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Trib Talk: Is Common Core an upgrade or ‘cookie-cutter’ education?
Education » Utah’s state school board adopted the standards in 2010, but critics want the state to change course.


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That testing is "such a powerful tool. We will be meeting the individual needs of our children," Roberts said. "That child who struggles will have a test that will adapt to that struggling. And that teacher will be able to look at the results of that test and say, ‘Here’s where I can help that child.’"

A student who excels "will have a harder test…So you’ll be able to push that child to live up to the talent and capacity they have."

At a glance

Q & A on the Common Core

Q: What is the Common Core?

A: The Common Core is a set of standards in math and language arts that aim to better prepare kids for college and careers. The standards outline the concepts and skills students should learn in each grade, while leaving curriculum (how the standards should be taught) up to teachers. Most states have adopted the Core. In Utah, the Common Core replaces Utah’s previous standards.

Q: Who created the Common Core? Was the federal government involved?

A: The National Governors Association and the Council of Chief State School Officers led development of the Common Core on behalf of states. The federal government was not involved in the standards’ development, and adoption of the Core was voluntary for states.

It’s true that the federal government encouraged states to adopt the standards several years ago as they applied for federal Race to the Top money, but Utah did not win that money. The federal government also has required that states adopt college and career-ready standards in order to receive waivers to No Child Left Behind, but to receive waivers states could either adopt Common Core or different standards of their choosing.

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A parent said she has been told her children cannot move above grade level due to Common Core, and asked how that is an improvement.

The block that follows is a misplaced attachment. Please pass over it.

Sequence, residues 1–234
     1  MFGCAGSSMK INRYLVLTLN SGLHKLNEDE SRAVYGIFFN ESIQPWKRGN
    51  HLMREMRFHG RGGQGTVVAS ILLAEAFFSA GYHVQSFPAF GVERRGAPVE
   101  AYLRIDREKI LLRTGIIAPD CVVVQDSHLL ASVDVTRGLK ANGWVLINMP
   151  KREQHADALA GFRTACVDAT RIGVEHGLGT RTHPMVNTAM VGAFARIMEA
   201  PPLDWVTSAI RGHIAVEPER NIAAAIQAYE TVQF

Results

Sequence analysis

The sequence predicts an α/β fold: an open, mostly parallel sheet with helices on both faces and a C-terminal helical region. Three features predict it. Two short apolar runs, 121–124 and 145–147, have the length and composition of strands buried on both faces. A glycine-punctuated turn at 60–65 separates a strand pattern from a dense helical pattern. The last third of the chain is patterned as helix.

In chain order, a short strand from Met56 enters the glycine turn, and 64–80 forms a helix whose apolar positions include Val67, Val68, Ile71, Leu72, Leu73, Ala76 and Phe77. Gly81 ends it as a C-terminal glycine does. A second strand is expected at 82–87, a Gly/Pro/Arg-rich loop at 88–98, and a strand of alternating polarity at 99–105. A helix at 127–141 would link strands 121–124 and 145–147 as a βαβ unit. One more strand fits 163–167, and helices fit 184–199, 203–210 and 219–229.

Roberts responded that it is not true that the Core keeps children from working above grade level.

"We have put the standard in place," she said. "Now it is up to local school boards, local districts, local charter schools, to look at individual children and make sure they’re not holding that child back."

Their job, she said, "is to help that child become all that child can become. And they can use whatever pedagogical – which is teaching skills – and whatever curriculum they want to use. And it is my hope over the next 5 to 10 years that we can bring technology much more into our classrooms, so that teachers will have one more tool to help those children become all they have the capacity to be. And so from the State Board perspective, that’s an inaccurate statement. We want children to reach to their highest capacity."

She emphasized that the board required the testing company it will use to sign a contract that will protect individual students’ results.

But England again urged more local control.

"How do we know what they’re going to do with that information?" she said. "There’s no way to prove they are going to abide by that contract."




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